August 13, 2010
The Rev. Brad Kalajainen’s new church in suburban Grand Rapids, Mich., had grown to about 180 members when “a spirit of grumpiness” haunted the United Methodist congregation.
The reason, he concluded, was that Cornerstone Church had enlarged to the point that parishioners no longer knew the names and faces of all their fellow worshipers. They no longer felt part of a tight-knit community with a shared Christian mission.
“We are only in one business and that is to make disciples,” Kalajainen said. “We’re not in the business of knowing everybody’s name. …If you are a pastor, you have to lead them to that vision.”
The solution, he discovered, was to start small groups. With the groups, the church continued to grow in membership while members could grow in faith in the intimate setting they craved.
Cornerstone Church in Caledonia, Mich. recently celebrated its 20th anniversary and now averages between 1,600 and 2,000 in worship attendance each Sunday. A big part of that success, Kalajainen said, is the church’s vibrant small-group ministry.
The pastor shared his insights on how more United Methodist churches can develop small-group ministries at the denomination’s School of Congregational Development in Nashville, Tenn., July 29-Aug. 2.
His workshop, which attracted church leaders from as far as the Philippines, came on the heels of the denomination’s recently-released Congregational Vitality study that identified small groups as one of the main “drivers” of church growth, attendance and giving.
“The goal of small groups is to connect people to Christ and connect people to each other,” Kalajainen said. “You can’t grow larger as a church unless you grow smaller. Otherwise people feel just like a face in the crowd.”
‘Casting the vision’
Cornerstone started its first small group with 25 people about two years into its existence. After about a year, some group members started a new group. Now, Kalajainen estimates, Cornerstone has approximately 85 and 90 groups, which the congregation has labeled “Life Groups.”
Like the Christians of New Testament times, most of these groups meet in people’s homes. They eat together, pray together and study together — generally using a curriculum Kalajainen has recommended. He said he has found the ideal size for such groups is 10 to 15 people.
Kalajainen acknowledged that pastors would soon be looking for new appointments if they tried to retrofit all the members of an existing congregation into small groups.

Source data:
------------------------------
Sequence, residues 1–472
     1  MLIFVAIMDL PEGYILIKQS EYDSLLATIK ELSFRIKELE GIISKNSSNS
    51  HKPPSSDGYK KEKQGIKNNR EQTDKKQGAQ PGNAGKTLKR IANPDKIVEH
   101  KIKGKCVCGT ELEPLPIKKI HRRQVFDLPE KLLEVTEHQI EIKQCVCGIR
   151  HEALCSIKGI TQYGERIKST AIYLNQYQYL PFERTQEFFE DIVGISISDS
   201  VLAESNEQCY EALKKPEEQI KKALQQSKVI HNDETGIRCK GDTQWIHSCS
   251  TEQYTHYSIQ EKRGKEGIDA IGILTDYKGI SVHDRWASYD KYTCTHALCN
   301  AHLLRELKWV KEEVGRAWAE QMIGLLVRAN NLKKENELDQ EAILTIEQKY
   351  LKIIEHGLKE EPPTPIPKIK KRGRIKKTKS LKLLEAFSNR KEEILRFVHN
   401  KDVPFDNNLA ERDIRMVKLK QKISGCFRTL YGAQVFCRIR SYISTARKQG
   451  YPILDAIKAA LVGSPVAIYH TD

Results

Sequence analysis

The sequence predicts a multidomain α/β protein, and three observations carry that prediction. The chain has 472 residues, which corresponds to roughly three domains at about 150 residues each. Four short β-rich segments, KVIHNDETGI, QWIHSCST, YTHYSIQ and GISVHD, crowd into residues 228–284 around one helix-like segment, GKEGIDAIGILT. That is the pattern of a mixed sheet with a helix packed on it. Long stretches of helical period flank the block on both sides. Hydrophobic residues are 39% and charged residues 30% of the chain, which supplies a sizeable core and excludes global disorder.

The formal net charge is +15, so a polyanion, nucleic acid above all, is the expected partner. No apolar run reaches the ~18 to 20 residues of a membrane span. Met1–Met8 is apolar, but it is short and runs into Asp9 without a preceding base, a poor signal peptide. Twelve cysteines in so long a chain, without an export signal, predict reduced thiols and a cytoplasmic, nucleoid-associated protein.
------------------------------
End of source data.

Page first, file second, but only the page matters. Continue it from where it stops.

“But I think you can be very aggressive in casting the vision over and over,” he told church leaders. “You don’t preach just one sermon on the importance of small groups. You work it in all the time. The things that are important to your church, you constantly weave it into your message.”
The Rev. Oliver S. Mangubat agreed. A United Methodist pastor in Quezon City, the Philippines, Mangubat said small groups have been instrumental in helping his church flourish. His congregation grew from 50 to 220, he said.
Making the push
Fall, Kalajainen said, is often a good time to make a big push to start small groups.
At Cornerstone, members have multiple opportunities to join Life Groups. They can sign up on the church website, through a membership class, through a church bulletin announcement or at the church’s guest services desk.
Every three months, the church also holds “Life Link” events where people can get acquainted and register for the type of Life Group they would like to join such as singles, parents of young children or empty nesters.
Small groups not only help members be better disciples; but also become the frontline of pastoral care in a large church, Kalajainen said.
He pointed to the experience of a Cornerstone group formed by six young couples who had all gotten married at the church the same summer.
One of the Life Group’s couples had never attended the church before their wedding. But the two soon drew close to their fellow group members and started regularly attending Sunday worship.
A little more than a year later, the couple was about to welcome their first baby when something went wrong. The doctors told the husband that his wife might not live through the delivery.
In their time of need, the husband’s first instinct was not to call the pastor but his small-group leaders. Within minutes, the 10 fellow small-group members had arrived at the hospital to comfort the husband and pray.
The story had a happy ending: the baby was born healthy, and the new mother made a full recovery. Kalajainen did not learn of the couple’s trauma until the following Monday night after mother and child had already been released from the hospital.
“Life Groups for us have been a system of extending care way beyond anything I’m able to do,” he said. “Frontline care should be in groups like that where lay people know how to pray for people and be there for them.”
Small groups also serve as doorways for newcomers into the church. One year, the church recruited members to launch 75 new groups. The church brought in Brett Eastman, who at the time coordinated small groups at Rick Warren’s Saddleback Church, to help with the effort.
Eastman challenged the group leaders to look at their cell phone contact lists and invite some of these friends and neighbors without a church home to join their small group.
Kalajainen knows of people who later joined Cornerstone because of those invitations.
“The answer is always no,” he said, “if you never ask.”
*Hahn is a United Methodist News Service multimedia reporter.
News contact: Heather Hahn, Nashville, Tenn., (615) 742-5470 or firstname.lastname@example.org.